Doses of COVID-19 vaccine went to the first members of the general public in Florida on Tuesday — elderly residents of The Villages who were administered the shots during a news conference hosted by Gov. Ron DeSantis.
Medical workers inoculated around a dozen or so elderly people at the news conference with the Pfizer version at a University of Florida Health facility in the sprawling retirement community. The governor looked on approvingly.
The vaccine was administered to a few health care workers, as well, in keeping with DeSantis’ prioritization of the initial COVID shots to them and the elderly, particularly residents of nursing homes. They’ll have to return in a few weeks for a second dose.
It wasn’t clear how many people got vaccinated in total in the solidly Republican community, to which Republican DeSantis has returned frequently to highlight his COVID response, or whether the shots continued after the cameras left. The governor’s press office has not yet replied to a question about the numbers.
“It’s exciting,” the governor said. “Got a lot of work to do but I think that there’s a good, strong light at the end of the tunnel.”
He suggested that additional key workers, including police, firefighters, and teachers, could be vaccinated once the Johnson & Johnson vaccine wins U.S. Food and Drug Administration approval, perhaps in January.
“Obviously, any teacher who is elderly would be included in the overall elderly population” eligible for the shots, he said.
DeSantis has emphasized that older people have proven most vulnerable to serious complications and death from COVID infections. He declared Monday that he would ignore a CDC advisory panel’s recommendation that essential workers receive vaccines ahead of the elderly and reiterated the point Tuesday.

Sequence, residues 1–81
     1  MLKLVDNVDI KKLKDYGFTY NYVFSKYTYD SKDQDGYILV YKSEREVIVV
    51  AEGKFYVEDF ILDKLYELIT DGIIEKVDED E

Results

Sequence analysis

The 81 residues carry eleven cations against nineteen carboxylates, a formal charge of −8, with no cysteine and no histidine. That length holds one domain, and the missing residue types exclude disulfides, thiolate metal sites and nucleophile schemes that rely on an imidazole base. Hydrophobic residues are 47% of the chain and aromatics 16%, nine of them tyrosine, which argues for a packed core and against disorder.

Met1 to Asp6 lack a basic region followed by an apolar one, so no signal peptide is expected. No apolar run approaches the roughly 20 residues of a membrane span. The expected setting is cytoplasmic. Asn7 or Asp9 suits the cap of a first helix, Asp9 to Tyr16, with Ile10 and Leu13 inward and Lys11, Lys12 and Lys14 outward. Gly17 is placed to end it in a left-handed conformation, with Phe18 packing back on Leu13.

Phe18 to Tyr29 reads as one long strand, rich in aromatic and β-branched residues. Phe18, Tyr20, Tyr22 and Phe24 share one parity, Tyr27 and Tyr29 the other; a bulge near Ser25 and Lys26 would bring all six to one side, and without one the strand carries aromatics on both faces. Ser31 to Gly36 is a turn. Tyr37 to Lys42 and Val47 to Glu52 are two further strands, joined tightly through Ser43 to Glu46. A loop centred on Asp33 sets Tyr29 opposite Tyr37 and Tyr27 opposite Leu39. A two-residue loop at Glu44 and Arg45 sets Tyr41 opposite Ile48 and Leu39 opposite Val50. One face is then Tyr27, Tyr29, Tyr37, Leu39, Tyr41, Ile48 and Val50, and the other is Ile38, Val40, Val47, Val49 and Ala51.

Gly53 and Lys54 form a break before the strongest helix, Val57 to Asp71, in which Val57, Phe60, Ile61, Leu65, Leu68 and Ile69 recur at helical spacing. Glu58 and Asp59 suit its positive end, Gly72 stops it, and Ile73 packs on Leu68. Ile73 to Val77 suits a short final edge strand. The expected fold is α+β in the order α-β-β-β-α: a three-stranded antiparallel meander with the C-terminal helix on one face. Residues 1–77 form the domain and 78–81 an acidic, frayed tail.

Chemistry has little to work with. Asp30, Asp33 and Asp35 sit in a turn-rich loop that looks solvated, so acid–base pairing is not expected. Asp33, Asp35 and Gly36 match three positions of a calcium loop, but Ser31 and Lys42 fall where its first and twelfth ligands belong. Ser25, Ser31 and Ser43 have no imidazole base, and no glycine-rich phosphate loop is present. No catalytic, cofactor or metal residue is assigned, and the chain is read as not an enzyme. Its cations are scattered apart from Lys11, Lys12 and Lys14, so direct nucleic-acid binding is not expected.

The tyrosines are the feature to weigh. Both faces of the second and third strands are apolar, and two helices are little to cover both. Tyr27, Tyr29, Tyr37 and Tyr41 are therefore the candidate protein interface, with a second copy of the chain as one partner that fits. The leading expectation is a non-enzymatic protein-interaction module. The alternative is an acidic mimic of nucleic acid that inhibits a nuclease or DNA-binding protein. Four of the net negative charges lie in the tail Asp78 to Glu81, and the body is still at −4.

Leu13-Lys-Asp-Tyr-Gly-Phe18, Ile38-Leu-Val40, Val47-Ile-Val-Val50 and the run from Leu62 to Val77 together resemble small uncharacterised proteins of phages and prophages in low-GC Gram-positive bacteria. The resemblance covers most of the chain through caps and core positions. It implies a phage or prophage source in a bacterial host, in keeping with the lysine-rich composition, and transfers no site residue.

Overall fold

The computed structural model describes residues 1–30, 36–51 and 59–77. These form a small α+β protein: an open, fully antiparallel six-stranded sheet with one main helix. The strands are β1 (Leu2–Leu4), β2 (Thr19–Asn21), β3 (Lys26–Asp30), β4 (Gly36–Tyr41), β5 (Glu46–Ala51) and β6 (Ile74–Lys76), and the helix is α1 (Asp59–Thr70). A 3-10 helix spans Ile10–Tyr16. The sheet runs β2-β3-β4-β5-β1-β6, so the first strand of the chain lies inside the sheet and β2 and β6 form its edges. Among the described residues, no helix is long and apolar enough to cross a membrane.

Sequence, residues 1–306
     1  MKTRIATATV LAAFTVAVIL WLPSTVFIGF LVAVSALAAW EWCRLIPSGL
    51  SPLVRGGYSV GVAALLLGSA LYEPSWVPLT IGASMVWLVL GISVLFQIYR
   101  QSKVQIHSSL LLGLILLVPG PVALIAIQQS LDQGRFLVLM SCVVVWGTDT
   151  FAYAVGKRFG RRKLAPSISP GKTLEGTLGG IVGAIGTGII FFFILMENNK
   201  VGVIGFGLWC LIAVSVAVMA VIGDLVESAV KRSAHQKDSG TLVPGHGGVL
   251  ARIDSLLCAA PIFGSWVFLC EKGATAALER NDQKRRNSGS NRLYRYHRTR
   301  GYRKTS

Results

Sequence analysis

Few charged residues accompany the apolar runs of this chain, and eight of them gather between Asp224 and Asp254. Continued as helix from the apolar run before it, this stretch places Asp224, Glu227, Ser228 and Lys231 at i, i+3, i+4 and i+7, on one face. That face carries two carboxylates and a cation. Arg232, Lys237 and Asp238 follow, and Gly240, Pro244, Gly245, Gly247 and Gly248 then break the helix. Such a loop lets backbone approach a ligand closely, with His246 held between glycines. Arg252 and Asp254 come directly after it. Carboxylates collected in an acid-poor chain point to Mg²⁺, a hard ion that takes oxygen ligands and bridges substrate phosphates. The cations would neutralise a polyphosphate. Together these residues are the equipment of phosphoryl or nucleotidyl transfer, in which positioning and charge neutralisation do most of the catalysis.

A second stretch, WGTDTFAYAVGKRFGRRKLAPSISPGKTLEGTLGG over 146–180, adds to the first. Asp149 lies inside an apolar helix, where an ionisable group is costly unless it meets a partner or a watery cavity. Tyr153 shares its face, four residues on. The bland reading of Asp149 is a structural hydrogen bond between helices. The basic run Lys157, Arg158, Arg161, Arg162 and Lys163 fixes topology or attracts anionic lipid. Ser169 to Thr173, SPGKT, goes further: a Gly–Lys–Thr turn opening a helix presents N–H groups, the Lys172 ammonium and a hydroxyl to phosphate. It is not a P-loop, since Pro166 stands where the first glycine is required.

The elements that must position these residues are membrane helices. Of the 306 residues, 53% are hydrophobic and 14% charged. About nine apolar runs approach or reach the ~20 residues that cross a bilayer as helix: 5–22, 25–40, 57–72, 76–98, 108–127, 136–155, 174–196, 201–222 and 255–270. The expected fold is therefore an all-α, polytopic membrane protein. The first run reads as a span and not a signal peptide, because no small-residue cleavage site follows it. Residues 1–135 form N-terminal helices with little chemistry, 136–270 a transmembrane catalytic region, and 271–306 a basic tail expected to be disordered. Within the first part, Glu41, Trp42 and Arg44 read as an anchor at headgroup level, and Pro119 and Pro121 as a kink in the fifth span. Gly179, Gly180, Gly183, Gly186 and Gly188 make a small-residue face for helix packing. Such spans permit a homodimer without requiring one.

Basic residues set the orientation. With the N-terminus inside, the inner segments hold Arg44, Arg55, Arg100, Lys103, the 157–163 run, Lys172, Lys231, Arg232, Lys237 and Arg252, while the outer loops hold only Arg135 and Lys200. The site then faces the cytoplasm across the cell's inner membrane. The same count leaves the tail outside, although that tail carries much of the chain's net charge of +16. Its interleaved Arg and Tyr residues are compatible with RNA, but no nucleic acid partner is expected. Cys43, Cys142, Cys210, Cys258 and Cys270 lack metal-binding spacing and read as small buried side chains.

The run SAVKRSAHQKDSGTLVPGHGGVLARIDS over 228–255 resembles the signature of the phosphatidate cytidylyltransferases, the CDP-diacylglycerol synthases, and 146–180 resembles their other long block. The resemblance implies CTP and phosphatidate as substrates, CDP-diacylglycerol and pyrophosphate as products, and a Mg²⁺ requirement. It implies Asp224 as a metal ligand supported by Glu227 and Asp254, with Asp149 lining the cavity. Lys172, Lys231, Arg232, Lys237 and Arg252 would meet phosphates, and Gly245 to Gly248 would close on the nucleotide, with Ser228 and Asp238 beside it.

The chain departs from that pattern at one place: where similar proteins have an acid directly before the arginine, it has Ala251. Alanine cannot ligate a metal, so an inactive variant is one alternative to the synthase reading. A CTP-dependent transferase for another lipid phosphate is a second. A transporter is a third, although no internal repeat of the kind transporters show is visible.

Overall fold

He even plans to wait himself until the vaccine is more broadly available to the public.
“In Florida, we’ve got to put our parents and grandparents first, and that’s what we’re going to be doing, and we’re going to work like hell to be able to get all the vaccine out to elderly who want it.”
The governor didn’t define what he meant by elderly, but did note that Florida is home to more than 4.4 million people aged 65 and above and more than 3 million aged 75 and above.
“We are not going to have over the next six weeks 4.4 million doses for individuals,” he acknowledged.
“What I would say to the elderly population: It’s going to be reserved for you, but not everyone’s going to be able to do it on Day One. It’s going to take some time to make sure everybody has access,” he added.
“But this is something that, over the next six weeks, eight weeks, we should be able to make huge progress on.”
Federal officials have sent to Florida nearly 180,000 doses of the Pfizer-BioNTech vaccine that were distributed through five hospital groups, Including U.S. Health, with the equipment to store the material as ultra-cold temperatures.
Additionally, the state has sent public health “strike forces” into more than 100 nursing homes in Pinellas and Broward counties to vaccinate residents and staff. CVS and Walgreens also will administer vaccine at nursing homes.
Another 127,000 Pfizer doses arrived this week and officials expect 367,000 doses Moderna Inc.’s vaccine and will distribute them statewide through hospitals and public health departments, DeSantis said, with “the bulk of that” going to the elderly.
“We now have this light at the end of the tunnel for our elderly where you’re going to have, in relatively short order, access to a safe and effective vaccine,” he said.
A reporter asked whether the state would prioritize doses for full-time residents ahead of people who live for part of the year elsewhere.
“We have not necessarily done that,” DeSantis said. “We’ll see.”
As for younger people with illnesses that put them at high risk for serious or deadly complications, they’ll have to wait behind the elderly, DeSantis said.
“The problem is, how do you administer that. Do you want to have the hospitals having to slice and dice everyone’s co-morbidity?”
DeSantis has repeatedly emphasize that taking the vaccine is strictly voluntary, and surveys suggest resistance to vaccination, particularly among African Americans.
The Florida Department of Health reported Tuesday 1,223,015 COVID-19 infections and 20,754 Florida resident deaths.
A New York Times analysis shows that Florida has the 3rd highest number of infections across the 50 states. But Florida’s infection rate — infections per 100,000 people — ranks 26th of the 50 states.